Thursday, December 08, 2005

Microinjecting my brains out ...

I've been microinjecting cells like a madman recently (or perhaps a mad scientist?)

Microinjection is a very useful technique - you can basically shove anything into a cell. Antibodies, DNA, RNA, quantum-dots ...

One question that fellow scientists ask me is whether microinjection damages cells in anyway. You would be surprised how resilient cells are. As far as we know microinjected cells display normal functions. They can transcribe DNA into RNA. They can translate the RNA into protein. They can migrate. In the case of neurons, they can form axons.

One of the classic microinjection papers is Yuli Wang's microinjection of fluorescent actin, a component of the cytoskeleton. Another was Tim Mitchison's injection of fluorescent tubulin, another cytoskeletal component. Both papers led to major discoveries as it allowed the researchers to monitor how cells and molecules change over time. In cells the cytoskeleton could be remodled and reorganized in minutes - it's a dynamic rather than than a solid scafold for the cell. Visualizing molecules inside of living cells was a big deal as the behavior of biological molecules over time - the illusive dimension - could now be analyzed.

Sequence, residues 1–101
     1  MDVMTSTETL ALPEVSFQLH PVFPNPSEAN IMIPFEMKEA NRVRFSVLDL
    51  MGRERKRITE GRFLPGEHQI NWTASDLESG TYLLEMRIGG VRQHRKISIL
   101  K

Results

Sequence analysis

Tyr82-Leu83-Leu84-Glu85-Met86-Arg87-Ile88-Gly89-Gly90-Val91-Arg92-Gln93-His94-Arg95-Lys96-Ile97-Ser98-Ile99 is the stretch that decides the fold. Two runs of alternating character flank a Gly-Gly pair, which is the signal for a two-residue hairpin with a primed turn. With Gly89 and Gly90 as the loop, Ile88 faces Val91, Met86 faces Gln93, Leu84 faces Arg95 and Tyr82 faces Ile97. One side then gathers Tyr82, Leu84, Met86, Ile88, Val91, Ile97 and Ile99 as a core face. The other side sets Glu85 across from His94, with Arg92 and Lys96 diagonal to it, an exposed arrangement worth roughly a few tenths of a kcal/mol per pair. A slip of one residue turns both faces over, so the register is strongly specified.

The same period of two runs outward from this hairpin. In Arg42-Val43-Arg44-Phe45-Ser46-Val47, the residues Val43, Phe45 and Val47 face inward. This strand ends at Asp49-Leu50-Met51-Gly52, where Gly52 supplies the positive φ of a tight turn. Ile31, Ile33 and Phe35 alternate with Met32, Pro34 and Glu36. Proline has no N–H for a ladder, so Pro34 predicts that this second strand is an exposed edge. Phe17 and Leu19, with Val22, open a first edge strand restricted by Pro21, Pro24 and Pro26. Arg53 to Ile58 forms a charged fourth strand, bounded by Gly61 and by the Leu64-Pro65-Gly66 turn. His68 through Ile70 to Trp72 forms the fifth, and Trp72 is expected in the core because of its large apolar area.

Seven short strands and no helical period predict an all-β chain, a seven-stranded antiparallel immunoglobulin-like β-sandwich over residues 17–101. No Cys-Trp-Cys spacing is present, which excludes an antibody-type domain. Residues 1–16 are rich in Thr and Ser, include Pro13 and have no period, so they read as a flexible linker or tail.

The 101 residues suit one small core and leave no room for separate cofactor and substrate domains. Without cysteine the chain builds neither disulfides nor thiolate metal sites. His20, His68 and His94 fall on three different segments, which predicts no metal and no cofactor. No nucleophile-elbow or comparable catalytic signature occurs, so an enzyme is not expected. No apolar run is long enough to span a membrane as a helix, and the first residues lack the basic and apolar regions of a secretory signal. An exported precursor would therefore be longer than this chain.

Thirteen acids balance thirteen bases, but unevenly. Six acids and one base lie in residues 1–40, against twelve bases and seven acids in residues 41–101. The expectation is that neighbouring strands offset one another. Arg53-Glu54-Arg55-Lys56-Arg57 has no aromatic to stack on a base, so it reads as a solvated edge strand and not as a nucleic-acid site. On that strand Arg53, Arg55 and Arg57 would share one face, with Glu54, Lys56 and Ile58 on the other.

Ok I've got another time-point to take care of ...


Taylor DL, Wang YL. Molecular cytochemistry: incorporation of fluorescently labeled actin into living cells.
Proc Natl Acad Sci U S A. 1978 Feb;75(2):857-61.

Mitchison T, Kirschner M. Dynamic instability of microtubule growth.
Nature. 1984 Nov 15-21;312(5991):237-42.